HFS+ vs NTFS: Mac vs Windows Hard Drive Format

by Paul | Last Updated: August 9, 2021

It really is no news that there are three types of operating systems for computing devices (desktop and laptops): Windows, Mac, and Linux. Two are more popular (Windows and Mac), and it is safe to say they have dominated the market. Developers put a lot of effort to ensure that the two are distinct and give users different experiences.


Mac uses the Hierarchical File System Plus (HFS+) and has been using it since the Mac OS 8.1. It is also referred to as the Mac OS Extended format. NTFS is for windows; its full form is New Technology File System. It has been in use since Windows 7. The thing is windows cannot read HFS+ formatted drives but Mac can read NTFS formatted drives.

There might be similarities between both operating systems but there are more notorious for their differences and this transcends beyond design or other aesthetically pleasing features, this is evident in the architect and other aspects of the software.

There is more to a PC that meets the eye, we usually notice the storage device, RAM, and so on. There is a layer or the foundation that a system runs on, in this article, we will look at two of them. These are referred to as file system which basically means how things are arranged to operate.

Asides from the B-tree similarity in both file systems, there are no major similarities. The block or sector design for allocating volumes and tasks are different. The focus of the Mac is on maximizing space while the windows focus on operational functions and efficiency.

HFS+ Mac OS File Format

It is an upgrade from its predecessor, Hierarchical File System (HFS). It was released in 1998 for Mac and iPod. It increased the number of blocks available on a disk and reduced the minimum size of a file. This upgrade resulted in the optimisation of large disk drives. Maximizing space led to increasing the number of files that can be on a disk.

The Mac OS X uses this file system and there is no limit to the number of volumes you can create. There is also a 2.1 billion cap on the number of files that can be in a folder. The maximum volume and file size ranges from 2TB to 8EB depending on the OS version.

The block addresses it uses are 32 bits in length which is double the HFS. It replaces the Mac OS Roman with Unicode. The HFS+ is made up of none sectors. The first is classified into 0 and 1, there are the blocks allocated to the booting of the system.

The next block is sector 2 which has the volume header that stores a wide variety of data about the volume; time created, location of all volume structures. There is a block assigned to the allocation file which records the allocation blocks in use and the one that are not. It uses zero to indicate a free block and one to indicate an occupied block.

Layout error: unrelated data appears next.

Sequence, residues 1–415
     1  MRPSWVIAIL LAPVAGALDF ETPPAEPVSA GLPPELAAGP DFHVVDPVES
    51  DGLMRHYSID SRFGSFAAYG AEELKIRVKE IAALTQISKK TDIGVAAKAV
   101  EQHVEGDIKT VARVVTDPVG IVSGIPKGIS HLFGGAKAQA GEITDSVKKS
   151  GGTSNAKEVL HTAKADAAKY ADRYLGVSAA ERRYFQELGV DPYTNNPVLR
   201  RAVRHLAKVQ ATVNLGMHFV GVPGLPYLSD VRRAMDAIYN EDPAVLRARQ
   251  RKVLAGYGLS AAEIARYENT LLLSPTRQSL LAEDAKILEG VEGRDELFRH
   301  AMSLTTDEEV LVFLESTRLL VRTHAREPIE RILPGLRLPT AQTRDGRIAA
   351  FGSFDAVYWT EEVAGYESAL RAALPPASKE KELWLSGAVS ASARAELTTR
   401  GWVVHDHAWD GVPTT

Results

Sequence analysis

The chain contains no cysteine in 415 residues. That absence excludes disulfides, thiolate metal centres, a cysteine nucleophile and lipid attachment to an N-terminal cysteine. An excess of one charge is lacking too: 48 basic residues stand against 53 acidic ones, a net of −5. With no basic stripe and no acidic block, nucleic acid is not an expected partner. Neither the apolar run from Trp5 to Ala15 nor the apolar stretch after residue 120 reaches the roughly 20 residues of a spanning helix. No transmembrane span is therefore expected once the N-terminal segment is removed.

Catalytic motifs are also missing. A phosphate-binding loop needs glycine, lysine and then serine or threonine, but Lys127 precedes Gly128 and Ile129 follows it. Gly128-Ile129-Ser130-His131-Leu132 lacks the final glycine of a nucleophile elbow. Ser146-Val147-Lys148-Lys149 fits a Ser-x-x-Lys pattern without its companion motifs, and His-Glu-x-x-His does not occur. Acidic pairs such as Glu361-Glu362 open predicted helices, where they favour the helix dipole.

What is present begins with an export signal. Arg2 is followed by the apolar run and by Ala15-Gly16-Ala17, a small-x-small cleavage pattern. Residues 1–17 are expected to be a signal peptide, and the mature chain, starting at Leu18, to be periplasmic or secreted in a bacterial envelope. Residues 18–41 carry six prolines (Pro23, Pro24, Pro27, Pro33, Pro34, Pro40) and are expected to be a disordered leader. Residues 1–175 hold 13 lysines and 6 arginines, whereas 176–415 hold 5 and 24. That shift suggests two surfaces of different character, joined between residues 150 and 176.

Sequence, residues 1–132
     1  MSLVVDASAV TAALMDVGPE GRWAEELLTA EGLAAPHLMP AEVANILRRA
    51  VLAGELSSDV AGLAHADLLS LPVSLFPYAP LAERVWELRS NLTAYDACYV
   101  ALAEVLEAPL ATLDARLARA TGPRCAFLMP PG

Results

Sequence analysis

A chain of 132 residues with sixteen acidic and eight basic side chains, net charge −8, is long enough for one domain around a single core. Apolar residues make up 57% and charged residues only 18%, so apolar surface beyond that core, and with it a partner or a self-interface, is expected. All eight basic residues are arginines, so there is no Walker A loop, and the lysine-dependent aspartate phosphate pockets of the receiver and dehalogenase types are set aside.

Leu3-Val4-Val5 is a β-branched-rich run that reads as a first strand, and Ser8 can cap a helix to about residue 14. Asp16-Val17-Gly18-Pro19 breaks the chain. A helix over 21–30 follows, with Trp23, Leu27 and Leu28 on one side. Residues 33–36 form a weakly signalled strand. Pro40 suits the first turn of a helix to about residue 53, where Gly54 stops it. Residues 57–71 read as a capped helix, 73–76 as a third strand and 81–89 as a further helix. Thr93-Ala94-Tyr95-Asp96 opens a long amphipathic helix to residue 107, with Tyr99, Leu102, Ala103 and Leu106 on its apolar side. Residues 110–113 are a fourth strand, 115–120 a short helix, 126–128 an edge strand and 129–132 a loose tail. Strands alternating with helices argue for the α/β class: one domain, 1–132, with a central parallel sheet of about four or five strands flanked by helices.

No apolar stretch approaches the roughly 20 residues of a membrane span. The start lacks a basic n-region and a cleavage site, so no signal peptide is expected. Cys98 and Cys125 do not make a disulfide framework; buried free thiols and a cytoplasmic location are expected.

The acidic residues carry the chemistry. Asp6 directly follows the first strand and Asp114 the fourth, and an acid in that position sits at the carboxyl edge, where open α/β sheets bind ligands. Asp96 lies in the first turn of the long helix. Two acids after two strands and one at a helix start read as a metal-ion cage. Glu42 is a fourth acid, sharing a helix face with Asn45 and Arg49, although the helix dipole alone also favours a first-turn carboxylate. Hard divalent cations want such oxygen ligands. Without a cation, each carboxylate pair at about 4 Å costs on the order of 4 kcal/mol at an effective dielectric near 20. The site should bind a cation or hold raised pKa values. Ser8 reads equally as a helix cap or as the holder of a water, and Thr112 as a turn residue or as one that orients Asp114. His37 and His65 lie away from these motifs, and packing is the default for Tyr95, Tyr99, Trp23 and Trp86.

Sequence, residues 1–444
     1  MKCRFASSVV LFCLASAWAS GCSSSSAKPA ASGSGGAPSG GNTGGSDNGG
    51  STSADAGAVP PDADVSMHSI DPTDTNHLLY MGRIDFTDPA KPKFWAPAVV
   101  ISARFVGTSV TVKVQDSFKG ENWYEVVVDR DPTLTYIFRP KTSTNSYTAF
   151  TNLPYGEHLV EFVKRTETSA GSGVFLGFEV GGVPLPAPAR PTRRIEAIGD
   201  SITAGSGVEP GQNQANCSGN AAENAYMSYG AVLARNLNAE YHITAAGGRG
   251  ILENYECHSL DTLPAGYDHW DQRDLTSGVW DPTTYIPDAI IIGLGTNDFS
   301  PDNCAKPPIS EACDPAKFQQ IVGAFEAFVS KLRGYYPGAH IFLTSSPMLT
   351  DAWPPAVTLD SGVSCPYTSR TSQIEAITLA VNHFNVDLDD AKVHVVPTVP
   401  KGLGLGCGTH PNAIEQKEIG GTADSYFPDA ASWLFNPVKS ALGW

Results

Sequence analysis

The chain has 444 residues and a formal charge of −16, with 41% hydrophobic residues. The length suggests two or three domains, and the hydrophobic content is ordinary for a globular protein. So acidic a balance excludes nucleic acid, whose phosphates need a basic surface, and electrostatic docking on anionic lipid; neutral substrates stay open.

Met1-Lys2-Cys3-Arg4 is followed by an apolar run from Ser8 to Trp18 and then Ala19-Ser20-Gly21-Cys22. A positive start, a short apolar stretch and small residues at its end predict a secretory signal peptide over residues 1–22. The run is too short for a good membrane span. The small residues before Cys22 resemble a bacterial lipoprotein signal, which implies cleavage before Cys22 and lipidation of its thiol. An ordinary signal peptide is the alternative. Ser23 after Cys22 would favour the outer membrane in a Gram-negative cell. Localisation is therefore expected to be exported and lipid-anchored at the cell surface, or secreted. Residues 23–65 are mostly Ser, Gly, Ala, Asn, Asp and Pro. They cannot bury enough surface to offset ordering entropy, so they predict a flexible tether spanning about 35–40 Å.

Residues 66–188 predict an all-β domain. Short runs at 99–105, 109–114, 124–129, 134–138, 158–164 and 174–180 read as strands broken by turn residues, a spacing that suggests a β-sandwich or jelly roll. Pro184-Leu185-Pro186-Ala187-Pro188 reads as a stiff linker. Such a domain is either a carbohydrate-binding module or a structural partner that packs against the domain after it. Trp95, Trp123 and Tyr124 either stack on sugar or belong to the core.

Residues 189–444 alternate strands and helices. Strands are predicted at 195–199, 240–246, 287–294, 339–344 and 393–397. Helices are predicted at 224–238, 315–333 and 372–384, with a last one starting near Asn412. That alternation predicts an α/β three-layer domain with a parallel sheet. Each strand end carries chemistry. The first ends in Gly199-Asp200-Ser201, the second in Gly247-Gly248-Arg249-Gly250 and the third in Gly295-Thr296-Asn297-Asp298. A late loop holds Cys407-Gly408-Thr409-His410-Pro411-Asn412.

The catalog file (B-tree) contains records for all the files and directories in a volume. The next sector is the Extents Overflow file (B-tree) that records the allocation blocks of each file as extents. The Attributes file (B-tree) can store 3 different types of 4KB records (Inline Data Attribute records, Fork Data Attribute records and Extension Attribute records).

Another block is the Startup file which is designed for non-Mac OS systems that lack HFS or HFS+ support. Alternative volume header is the next sector and it is the penultimate sector on the disk. The final sector is reserved for Apple as it was the part used when the device was manufactured.

NTFS Window OS File Format

The NTFS is designed to ensure that your system can perform standard file operations. This design makes read, write, search, system recovery and another advanced task on a disk with a large capacity possible. The NTFS has different versions, with 3.0 as the newest version.

This new version has advantages over the previous ones, they include encrypting file system (file-level encryption), distributed link tracking, sparse file support, disk use quotas, and reparse points. It is a journaling file system ($LogFile) that records metadata changes to the volume.

The FAT does not have this journaling system and it is critical for ensuring that complex internal data structures remain consistent, if there is an incident of the system crashing or when data moves owing to defragmentation. This journaling system easily allows the rollback of uncommitted changes to critical data structures when the volume is mounted.

Let us look at the feature of this file system. The first is hard links, this allows different file names to directly refer to the same file contents. There is a limit of 1024 hard links on a file. An alternate Data System is a feature that allows more than one data stream to be associated with a filename.

File compress is an operation that enables the NTFS to compress files using an algorithm. These compressed algorithms support cluster sizes of up to 4KB and if the file size is bigger, the operation will not occur.

The NTFS uses B-tress like the HFS+, this is used to index file system data. For data storage and retrieval, it uses windows NT operating system. NFTS can format SSD.

Using a B-tree directory scheme to ensure organizational efficiency. It also supports many files and there is data security.

There is a high possibility that the HFS+ is better than the NTFS but this comparison might not be necessary as they both have their purpose. The truth is, they are both great and the best for the systems they are designed for.

NFTS is the best file system you can format your drive-in, this makes the drive compatible with any system including Mac OS.

Related Question

Where can I purchase HFS+ or NTFS?

You cannot purchase any of these two as they are built into whatever system you buy.